LIfe Estate Deed
My husband and sister-in-law were deeded their parents house in 1998. It was sold to them for $1.00, but with a life estate for their parents. My father-in-law passed away in August and my mother-in-law has since been put into a nursing home. She is on medicare/mass health and is being fully covered for the nursing home expenses at this time as she does not own the house. My husband has power of atty for his mother.
We now want to sell the house since she is no longer living in the house. We were told that medicare may have a stake in the house because of the life estate, is this true? My sister in law is fighting us and supposedly checked with a lawyer and said that they would get 52% of the sale of the house. The transfer of deed was over 10 years ago and my mother in law is incapable of ever returning to the home.
Please advise. Thank you.
2 Answers from Attorneys
Re: LIfe Estate Deed
Your sister-in-law is correct. Depending upon the age of your mother-in-law, your mother-in-law may be entitled to 52% of the net proceeds from the sale. The life estate calculation is dependent upon a 110 year life, so even at 70 years or more, there is substantial interest left in the value of the life estate.
If your mother is receiving Medicaid, they are entitled to be reimbursed out her portion of the proceeds.
Depending on the situation, it may be better for you to rent the home.
If you would like to meet and see if we can come up with a better solution for you, please feel free to contact me without obligation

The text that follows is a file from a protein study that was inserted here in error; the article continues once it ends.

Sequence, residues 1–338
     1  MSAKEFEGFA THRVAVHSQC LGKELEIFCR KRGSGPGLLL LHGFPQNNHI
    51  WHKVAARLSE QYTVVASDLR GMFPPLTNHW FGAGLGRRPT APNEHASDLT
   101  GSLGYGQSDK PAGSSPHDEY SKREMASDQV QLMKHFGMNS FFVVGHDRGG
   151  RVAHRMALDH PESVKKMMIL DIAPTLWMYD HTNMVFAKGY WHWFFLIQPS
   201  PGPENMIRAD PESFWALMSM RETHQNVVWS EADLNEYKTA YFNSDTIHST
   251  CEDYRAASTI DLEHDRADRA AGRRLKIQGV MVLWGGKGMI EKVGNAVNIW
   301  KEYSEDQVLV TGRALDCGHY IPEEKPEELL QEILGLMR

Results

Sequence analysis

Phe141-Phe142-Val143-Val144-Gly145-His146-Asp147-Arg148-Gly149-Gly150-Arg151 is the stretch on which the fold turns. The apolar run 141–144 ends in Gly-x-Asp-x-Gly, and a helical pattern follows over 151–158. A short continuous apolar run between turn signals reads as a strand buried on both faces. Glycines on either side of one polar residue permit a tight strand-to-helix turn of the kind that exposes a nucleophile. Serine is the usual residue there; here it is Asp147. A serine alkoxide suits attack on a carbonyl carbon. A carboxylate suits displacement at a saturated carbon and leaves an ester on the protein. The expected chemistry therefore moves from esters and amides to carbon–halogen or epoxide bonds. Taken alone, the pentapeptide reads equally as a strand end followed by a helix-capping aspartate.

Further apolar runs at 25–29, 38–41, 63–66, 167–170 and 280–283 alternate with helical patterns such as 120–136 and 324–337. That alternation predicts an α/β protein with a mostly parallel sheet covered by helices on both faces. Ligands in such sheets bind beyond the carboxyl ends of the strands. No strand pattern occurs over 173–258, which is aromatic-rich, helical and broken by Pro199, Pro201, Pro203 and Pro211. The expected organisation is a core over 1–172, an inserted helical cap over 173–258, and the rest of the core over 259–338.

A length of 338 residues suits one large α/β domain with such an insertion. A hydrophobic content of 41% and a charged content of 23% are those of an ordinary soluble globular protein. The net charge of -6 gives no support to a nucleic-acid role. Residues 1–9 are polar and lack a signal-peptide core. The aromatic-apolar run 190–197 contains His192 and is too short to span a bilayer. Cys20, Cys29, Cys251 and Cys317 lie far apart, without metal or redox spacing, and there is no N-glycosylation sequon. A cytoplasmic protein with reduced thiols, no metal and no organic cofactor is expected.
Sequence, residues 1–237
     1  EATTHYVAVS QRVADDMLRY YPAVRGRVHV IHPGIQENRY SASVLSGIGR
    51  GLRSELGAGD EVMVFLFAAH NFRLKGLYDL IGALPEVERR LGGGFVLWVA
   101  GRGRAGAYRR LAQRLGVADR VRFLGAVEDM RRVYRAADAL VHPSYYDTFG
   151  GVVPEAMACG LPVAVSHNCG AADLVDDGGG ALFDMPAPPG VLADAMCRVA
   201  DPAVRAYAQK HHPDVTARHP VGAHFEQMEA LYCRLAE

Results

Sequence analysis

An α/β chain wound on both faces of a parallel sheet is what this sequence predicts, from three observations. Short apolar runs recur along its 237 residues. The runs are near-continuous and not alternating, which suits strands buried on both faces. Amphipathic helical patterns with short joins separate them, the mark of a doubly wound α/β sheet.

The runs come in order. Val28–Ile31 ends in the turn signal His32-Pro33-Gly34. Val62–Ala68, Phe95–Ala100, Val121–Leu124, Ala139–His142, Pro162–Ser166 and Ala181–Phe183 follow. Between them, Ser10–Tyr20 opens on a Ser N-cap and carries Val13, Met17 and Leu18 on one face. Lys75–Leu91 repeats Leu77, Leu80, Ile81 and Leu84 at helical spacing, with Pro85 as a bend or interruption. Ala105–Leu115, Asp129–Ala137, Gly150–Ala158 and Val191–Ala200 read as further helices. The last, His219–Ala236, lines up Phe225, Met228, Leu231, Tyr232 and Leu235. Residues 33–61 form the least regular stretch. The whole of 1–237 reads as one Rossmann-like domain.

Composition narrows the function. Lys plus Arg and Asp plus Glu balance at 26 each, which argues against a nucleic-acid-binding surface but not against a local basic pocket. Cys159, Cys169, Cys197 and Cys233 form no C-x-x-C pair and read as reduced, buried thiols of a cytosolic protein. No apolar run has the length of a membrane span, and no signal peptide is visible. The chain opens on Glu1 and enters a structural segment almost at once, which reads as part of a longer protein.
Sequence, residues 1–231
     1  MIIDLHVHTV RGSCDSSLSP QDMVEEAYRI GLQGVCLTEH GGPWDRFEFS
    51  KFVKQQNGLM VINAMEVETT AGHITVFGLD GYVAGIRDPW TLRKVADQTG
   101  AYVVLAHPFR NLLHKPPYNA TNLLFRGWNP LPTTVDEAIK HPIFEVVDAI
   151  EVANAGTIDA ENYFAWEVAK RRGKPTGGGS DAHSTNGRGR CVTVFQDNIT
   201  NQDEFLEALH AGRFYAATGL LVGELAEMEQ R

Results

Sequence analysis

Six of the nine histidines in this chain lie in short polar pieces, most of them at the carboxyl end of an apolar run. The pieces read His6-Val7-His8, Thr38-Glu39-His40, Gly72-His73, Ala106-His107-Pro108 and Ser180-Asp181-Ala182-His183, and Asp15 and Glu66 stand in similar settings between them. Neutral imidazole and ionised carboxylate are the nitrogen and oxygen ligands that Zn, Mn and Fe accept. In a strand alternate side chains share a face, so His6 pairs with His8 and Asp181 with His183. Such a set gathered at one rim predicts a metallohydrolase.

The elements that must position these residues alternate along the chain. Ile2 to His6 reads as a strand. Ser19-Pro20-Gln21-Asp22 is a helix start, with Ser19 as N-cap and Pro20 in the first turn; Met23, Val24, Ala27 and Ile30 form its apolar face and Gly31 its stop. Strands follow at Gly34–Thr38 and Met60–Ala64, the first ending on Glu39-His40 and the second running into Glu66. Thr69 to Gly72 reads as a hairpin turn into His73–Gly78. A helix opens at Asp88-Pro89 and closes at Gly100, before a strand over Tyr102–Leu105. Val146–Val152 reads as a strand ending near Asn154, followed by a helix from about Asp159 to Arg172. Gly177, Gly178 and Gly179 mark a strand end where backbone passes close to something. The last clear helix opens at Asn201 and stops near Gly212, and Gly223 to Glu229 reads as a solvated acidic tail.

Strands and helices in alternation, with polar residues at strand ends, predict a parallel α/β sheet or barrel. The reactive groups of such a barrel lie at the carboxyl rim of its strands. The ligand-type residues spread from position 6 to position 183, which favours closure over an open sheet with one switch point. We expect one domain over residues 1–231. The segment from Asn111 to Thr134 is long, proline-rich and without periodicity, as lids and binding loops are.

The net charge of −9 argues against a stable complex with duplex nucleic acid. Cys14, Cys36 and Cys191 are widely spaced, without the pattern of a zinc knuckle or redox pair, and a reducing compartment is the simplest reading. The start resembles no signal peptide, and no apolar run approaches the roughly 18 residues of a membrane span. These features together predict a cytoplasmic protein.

Re: LIfe Estate Deed
You should NOT sell the property without first consulting with an elder law attorney.
A life estate means that the property will pass outside of probate. The life estate was created so long ago that the gift is not countable for MassHealth purposes. Under current law, MassHealth cannot seek reimbursement from assets which pass outside of probate. On the other hand, if your husband sells the property during your mother's lifetime, she will receive a substantial amount of the proceeds and be disqualified from coverage until she has reduced her assets to below $2,000.
Since your sister-in-law has a remainder interest in the property, it cannot be sold unless either she agrees to the sale or the court orders that the property be "partitioned" -- a messy, time-consuming and expensive process. There are also tax implications for your husband and his sister if the house is sold that need to be examined.
Please feel free to contact me if you wish to discuss this matter further.
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